So I'd say that the 'bones' of 8.1 are actually pretty good, as long as you install a widget to make it more user friendly (i.e. restore the desktop environmnet).

The only reason I haven't upgraded my 8.1 machine to 10 is because of the size of the download.  If Microsoft offered a 'send CD/flash drive in mail' option that was free, I might consider it, but my 4G connection costs $10/gig, and I tend to hit/exceed my 5gb/mo allotment already.  Since 8.1 is working fine for me, and since I am perfectly happy with things the way they are (new fangled is overrated), well there ya go...

My other (3rd) laptop is XP, but I hardly use it anymore as it is pretty dated/significantly slower hardware wise/only 15".  My Vista machine is also slower than my 8.1 machine, but fast enough that I can use it well enough.  I'll get a 17" replacement eventually, and I'm sure it'll probably have 10 on it. 

I will miss having a 'hardwired/physical' networking switch on my replacement DTR (Desktop Replacement) laptop when I finally upgrade.  My Vista machine has a slider switch for my wifi next to my headphone ports, and it's a quick and easy way to shut off wifi (it's off most of the time, I only use the WiFi card when I'm traveling/visiting other people that have wifi).  On this machine, if I simply unplug the 4G modem from the USB slot and shut off the wifi card using the switch, i KNOW that this laptop is isolated from the internet.  I don't fully trust software switches, as there is always the opportunity of them being hacked/activating in the background to 'phone home to Microsoft,etc.'  Sometimes the old ways are best when you want to isolate your computer from any outside networks - too many home users IMHO leave their computers on networks 24/7, which increases the chances of hackers finding their way into said systems, and putting them to use.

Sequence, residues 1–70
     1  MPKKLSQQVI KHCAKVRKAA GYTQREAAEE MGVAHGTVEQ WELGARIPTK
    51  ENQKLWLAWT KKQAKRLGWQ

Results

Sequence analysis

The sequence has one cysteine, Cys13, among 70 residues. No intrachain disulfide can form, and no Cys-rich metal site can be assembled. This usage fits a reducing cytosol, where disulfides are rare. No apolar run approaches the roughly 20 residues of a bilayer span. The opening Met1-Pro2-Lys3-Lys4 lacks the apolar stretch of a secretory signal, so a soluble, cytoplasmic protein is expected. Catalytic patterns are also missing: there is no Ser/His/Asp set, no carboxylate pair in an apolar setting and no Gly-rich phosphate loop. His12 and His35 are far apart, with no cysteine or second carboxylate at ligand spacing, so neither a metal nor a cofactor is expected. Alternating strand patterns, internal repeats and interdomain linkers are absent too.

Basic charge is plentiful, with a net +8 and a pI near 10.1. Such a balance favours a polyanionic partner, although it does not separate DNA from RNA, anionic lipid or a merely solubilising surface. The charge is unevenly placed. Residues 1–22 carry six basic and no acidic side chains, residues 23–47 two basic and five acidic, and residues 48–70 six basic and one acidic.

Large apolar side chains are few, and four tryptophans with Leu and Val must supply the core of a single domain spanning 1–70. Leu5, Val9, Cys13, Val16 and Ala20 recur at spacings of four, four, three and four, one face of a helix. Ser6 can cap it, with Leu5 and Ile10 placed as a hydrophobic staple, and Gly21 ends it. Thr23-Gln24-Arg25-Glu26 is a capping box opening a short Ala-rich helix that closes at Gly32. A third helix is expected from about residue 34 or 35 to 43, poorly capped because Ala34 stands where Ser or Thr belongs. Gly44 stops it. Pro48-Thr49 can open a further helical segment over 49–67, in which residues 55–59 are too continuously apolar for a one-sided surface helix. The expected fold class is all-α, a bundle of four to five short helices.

Anyways, regarding to that list above.  Go diehard XP users!

Offline Brush Wolf

  • Lt. Commander
  • *
  • Posts: 1684
  • Gender: Male
Re: How badly has Windows 8 flopped?
« Reply #39 on: July 05, 2016, 01:36:46 pm »
Even if you didn't install a desktop widget for W8 you only had to deal with the Metro Interface on logging in and after that you spent 99% of your time on the desktop. The Metro Interface was really only bad because of being tablet centric and if it had been properly adjusted for the PC environment I don't think there would have been as much push back.
I am alright, it is the world that is wrong.